‘Black box’ insurance has helped reduce the number of young drivers killed or seriously injured in road traffic accidents, according to data released by research analysts LexisNexis.
The number has fallen by 35% since 2011 from 18,529 to 11,984, contrasting with a 16% fall for the entire population (203,950 to 170,993).
The difference between younger and older drivers is the former’s use of telematics, with four in five motorists aged between 17 and 19 driving a car fitted with a black box that monitors and records their performance behind the wheel.
In total, there were 975,000 live policies in 2017, reflecting the surge in drivers making use of the technology to bring their premiums down.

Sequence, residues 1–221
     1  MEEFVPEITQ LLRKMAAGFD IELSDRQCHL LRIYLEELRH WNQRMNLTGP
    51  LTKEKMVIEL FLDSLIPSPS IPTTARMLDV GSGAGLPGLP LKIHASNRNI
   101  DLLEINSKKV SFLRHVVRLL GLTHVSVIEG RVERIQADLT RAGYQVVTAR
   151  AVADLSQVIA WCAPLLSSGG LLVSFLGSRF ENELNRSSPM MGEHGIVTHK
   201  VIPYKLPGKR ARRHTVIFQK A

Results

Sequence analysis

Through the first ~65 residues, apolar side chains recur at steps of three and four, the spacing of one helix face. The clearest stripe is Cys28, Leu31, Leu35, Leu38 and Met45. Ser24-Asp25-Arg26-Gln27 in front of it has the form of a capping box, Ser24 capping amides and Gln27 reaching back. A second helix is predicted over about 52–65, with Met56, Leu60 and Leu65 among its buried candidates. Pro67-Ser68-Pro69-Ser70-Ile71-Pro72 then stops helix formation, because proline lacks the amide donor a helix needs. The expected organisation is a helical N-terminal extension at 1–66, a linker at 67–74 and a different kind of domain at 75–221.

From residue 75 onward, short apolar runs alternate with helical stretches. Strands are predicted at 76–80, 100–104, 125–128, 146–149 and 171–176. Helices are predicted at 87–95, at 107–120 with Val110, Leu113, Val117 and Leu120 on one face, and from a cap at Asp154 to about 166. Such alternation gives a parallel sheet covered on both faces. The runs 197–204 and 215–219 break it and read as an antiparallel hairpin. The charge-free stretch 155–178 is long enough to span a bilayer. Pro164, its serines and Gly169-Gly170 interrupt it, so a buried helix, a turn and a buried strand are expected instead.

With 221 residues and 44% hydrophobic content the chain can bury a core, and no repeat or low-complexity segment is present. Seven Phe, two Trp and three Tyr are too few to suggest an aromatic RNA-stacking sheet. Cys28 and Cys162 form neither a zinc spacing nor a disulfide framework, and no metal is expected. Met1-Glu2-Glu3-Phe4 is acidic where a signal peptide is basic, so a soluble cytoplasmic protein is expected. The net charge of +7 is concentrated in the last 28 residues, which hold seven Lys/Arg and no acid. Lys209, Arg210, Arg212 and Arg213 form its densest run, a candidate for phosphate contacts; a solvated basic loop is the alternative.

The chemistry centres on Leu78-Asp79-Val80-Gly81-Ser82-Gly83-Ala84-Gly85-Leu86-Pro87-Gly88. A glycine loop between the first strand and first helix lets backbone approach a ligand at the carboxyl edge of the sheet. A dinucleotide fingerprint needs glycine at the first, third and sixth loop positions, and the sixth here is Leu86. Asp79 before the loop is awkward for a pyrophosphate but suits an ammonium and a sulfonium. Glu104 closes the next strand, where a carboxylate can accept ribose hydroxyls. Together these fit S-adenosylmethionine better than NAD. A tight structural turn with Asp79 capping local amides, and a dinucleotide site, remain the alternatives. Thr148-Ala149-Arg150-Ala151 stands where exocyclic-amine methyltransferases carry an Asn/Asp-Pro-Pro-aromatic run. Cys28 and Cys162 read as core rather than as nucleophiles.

The drop in young driver casualties and deaths comes despite a 7% increase in the number of driving licences held across all ages since 2012 to 40.5 million.
UK road casualty statistics were analysed by specialists LexisNexis Risk Solutions and compared with the number of telematics policies currently in use.
Its director, Graham Gordon, said: “Our analysis and interpretation of the publicly-available road casualty statistics factors for key road safety advances such as improved roads, better junction design and new car safety technology.
“But the patent downward trend in the 17-19 age bracket points to an additional factor at play: the increasing availability and adoption of telematics insurance.
“Young drivers remain the riskiest drivers on our roads, but the insurance sector deserves a great deal of credit for developing an insurance product that encourages safer driving and delivers fairer pricing to young drivers based on their road behaviour.”